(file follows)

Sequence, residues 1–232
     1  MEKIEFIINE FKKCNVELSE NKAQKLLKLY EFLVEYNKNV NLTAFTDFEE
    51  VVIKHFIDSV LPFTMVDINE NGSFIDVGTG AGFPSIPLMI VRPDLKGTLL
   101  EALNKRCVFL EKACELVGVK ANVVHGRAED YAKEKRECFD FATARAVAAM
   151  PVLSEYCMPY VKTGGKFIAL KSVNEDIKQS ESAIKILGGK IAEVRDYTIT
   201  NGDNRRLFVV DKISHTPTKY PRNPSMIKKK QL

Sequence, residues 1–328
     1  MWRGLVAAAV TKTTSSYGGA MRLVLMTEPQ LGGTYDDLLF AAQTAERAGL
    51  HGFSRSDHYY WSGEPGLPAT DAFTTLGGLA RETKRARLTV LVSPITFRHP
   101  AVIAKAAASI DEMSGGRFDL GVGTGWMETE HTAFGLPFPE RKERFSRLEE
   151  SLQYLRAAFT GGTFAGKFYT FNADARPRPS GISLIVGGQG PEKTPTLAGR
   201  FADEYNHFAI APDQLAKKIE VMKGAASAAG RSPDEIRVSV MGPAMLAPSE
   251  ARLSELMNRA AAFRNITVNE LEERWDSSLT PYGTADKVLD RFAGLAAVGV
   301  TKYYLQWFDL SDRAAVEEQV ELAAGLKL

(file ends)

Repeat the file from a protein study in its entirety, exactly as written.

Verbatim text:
Sequence, residues 1–232
     1  MEKIEFIINE FKKCNVELSE NKAQKLLKLY EFLVEYNKNV NLTAFTDFEE
    51  VVIKHFIDSV LPFTMVDINE NGSFIDVGTG AGFPSIPLMI VRPDLKGTLL
   101  EALNKRCVFL EKACELVGVK ANVVHGRAED YAKEKRECFD FATARAVAAM
   151  PVLSEYCMPY VKTGGKFIAL KSVNEDIKQS ESAIKILGGK IAEVRDYTIT
   201  NGDNRRLFVV DKISHTPTKY PRNPSMIKKK QL

Sequence, residues 1–328
     1  MWRGLVAAAV TKTTSSYGGA MRLVLMTEPQ LGGTYDDLLF AAQTAERAGL
    51  HGFSRSDHYY WSGEPGLPAT DAFTTLGGLA RETKRARLTV LVSPITFRHP
   101  AVIAKAAASI DEMSGGRFDL GVGTGWMETE HTAFGLPFPE RKERFSRLEE
   151  SLQYLRAAFT GGTFAGKFYT FNADARPRPS GISLIVGGQG PEKTPTLAGR
   201  FADEYNHFAI APDQLAKKIE VMKGAASAAG RSPDEIRVSV MGPAMLAPSE
   251  ARLSELMNRA AAFRNITVNE LEERWDSSLT PYGTADKVLD RFAGLAAVGV
   301  TKYYLQWFDL SDRAAVEEQV ELAAGLKL